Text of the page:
Accra, Sept 30, GNA – HelpAge Ghana says more robust and coordinated actions are required to improve the quality of life of the aged, given the fact that there are still challenges facing older persons.
In a statement copied to the Ghana News Agency on Sunday, the organisation noted however that some laudable and positive national interventions had been made to help address the challenges.
Help Age Ghana, a member of Help Age International, also demanded the implementation of the National Ageing Policy without further delay.
The statement signed by Mr. Ebenezer Adjetey–Sorsey, Executive Director, HelpAge Ghana, said in commemoration of this year’s United Nations Day for Older Persons, which falls on October 1st every year.
The day is set aside by the United Nations General Assembly as the International Day for older persons by Resolution 45/106 after a UN declaration in 1990 in recognition and appreciation of the contributions they made to their societies.
It is also celebrated to draw attention to the state of the wellbeing of older persons while creating an opportunity for all particularly “governments to reflect on their performances towards improvement of the quality of life of older persons”.
“It is also an opportunity for individuals to re-examine their own preparations towards old age and the fulfillment of their responsibilities towards older persons in their families and the society especially in the area of needed love and care for them”.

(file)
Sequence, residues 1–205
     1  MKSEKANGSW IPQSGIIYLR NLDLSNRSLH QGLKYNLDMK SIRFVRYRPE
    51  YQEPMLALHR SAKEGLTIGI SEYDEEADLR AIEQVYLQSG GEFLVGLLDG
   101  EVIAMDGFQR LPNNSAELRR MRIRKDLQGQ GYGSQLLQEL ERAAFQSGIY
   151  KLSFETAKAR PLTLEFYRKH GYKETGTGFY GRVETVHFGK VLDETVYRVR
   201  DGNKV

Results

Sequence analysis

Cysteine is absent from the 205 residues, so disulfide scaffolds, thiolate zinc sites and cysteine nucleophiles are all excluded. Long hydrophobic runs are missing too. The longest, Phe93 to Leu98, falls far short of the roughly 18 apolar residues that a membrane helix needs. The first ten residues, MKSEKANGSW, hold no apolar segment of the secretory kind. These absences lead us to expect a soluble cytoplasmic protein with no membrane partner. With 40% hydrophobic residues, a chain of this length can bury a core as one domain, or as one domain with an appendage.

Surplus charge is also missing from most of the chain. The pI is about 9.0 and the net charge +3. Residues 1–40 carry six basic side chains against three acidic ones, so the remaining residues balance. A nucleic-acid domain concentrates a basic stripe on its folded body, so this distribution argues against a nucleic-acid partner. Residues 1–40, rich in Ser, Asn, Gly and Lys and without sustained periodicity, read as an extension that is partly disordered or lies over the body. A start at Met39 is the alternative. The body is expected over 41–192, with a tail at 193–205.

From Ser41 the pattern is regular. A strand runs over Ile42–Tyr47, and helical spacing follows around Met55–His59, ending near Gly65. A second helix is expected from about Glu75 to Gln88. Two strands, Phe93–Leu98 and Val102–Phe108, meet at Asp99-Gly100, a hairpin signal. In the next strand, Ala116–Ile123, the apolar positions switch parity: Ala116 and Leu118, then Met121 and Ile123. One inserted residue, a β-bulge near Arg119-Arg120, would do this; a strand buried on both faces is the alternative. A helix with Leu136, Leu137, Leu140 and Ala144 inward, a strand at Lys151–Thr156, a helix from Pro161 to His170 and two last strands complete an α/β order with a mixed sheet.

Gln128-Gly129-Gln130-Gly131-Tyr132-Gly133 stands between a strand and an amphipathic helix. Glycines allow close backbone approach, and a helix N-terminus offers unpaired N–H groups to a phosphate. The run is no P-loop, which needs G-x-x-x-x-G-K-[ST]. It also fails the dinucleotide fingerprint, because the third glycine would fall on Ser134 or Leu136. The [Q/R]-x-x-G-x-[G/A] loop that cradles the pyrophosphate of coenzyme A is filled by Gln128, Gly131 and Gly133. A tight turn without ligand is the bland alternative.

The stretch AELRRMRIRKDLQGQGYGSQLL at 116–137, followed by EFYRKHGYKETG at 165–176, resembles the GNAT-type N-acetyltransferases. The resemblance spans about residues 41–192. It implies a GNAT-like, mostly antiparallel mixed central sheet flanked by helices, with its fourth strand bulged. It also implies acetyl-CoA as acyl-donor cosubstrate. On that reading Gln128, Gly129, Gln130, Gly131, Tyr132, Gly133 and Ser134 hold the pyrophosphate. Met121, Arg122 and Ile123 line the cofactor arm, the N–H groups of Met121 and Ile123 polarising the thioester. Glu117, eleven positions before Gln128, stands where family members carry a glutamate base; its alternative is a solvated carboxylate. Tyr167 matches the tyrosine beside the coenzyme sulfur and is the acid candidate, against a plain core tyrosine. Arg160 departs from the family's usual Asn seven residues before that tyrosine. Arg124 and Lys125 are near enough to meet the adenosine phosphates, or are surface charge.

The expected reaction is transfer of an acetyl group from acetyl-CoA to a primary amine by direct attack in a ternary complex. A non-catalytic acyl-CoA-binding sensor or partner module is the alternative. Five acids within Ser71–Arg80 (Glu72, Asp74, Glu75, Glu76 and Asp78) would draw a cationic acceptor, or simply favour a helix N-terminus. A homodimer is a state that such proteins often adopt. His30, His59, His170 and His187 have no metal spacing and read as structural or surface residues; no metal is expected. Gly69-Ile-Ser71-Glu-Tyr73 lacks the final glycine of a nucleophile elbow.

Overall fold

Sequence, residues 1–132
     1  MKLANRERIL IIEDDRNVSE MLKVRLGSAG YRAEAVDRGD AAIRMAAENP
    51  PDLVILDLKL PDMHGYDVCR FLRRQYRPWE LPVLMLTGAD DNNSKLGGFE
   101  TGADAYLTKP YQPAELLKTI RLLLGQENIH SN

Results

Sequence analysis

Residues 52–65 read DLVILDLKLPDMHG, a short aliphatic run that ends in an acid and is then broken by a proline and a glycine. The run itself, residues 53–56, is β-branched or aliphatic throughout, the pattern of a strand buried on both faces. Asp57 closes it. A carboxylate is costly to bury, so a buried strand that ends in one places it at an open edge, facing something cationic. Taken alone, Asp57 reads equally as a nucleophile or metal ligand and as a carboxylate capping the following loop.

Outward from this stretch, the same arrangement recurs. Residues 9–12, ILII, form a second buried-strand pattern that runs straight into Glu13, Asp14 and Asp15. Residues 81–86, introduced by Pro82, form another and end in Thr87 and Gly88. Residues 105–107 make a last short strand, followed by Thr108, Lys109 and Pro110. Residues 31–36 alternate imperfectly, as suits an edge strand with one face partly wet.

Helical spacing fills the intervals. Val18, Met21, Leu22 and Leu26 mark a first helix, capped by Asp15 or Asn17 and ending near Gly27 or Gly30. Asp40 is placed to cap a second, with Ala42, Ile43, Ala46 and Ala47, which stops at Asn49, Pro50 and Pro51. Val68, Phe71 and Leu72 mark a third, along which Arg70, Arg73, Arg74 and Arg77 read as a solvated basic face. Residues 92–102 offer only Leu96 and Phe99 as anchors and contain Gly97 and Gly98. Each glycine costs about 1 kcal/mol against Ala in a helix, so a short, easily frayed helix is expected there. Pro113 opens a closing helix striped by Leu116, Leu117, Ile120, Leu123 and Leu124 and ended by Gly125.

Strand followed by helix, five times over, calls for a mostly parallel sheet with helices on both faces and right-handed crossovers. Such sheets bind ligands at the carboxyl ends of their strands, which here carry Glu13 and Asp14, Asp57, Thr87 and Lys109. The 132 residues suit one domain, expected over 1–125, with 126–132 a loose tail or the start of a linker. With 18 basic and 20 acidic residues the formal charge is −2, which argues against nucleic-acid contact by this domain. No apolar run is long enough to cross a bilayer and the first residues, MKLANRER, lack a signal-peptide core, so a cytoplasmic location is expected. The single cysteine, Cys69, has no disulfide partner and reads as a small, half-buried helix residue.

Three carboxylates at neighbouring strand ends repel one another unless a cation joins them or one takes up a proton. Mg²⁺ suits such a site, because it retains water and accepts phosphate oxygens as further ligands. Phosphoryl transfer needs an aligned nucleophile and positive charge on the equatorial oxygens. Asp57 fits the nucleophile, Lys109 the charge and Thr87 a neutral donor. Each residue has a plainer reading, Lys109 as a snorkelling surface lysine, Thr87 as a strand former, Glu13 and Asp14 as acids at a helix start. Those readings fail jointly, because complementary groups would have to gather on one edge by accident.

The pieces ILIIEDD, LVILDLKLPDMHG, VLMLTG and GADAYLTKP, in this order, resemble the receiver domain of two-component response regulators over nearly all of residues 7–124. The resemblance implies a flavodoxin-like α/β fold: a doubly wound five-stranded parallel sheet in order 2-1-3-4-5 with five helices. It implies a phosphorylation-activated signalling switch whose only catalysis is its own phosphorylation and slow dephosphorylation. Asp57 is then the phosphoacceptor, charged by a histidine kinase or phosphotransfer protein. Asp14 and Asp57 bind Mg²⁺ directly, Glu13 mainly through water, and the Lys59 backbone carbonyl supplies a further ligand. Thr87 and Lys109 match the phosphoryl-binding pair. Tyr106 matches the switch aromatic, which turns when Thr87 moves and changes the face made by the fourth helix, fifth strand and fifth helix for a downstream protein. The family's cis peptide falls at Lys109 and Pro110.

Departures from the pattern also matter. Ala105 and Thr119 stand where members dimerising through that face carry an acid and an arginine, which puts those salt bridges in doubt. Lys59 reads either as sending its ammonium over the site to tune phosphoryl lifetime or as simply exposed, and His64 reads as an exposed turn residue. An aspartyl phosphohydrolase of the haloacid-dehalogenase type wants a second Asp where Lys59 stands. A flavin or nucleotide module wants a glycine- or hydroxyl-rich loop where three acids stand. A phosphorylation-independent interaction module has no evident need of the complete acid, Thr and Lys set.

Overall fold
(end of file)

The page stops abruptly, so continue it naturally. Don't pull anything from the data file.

The theme for the commemoration of the day this year is “Age Demands Action”.
Help Age Ghana said the theme was “very relevant to the situation of ageing in Ghana because we seem to be moving at snail-pace in taking advantage of the opportunities presented to us by our ageing population and also addressing the challenges faced by older persons”.
“This is in spite of the provisions made in the 1992 Republican Constitution of Ghana, especially in Articles 37(2) (b) and 37(6)(b) which make specific demands on the state to protect and promote the rights of older persons as well to provide them with social assistance to enable them maintain a decent standard of living”.
The statement said the “world is ageing very rapidly and any further delays by Ghana to put in place the necessary structures to address her ageing challenges can result in undesirable consequences in the near future”.
It further noted that Sub-Saharan Africa including Ghana was experiencing the most rapid increase in her aged population but had a relatively shorter time to respond to this demographic trend, compared to what transpired in the developed world.
“Population and Housing Census reports of Ghana over the years show clear indications of an ageing population, even though presently youthful in nature – increasing ratio of the elderly to children; increasing median age and life expectancy”, the statement said.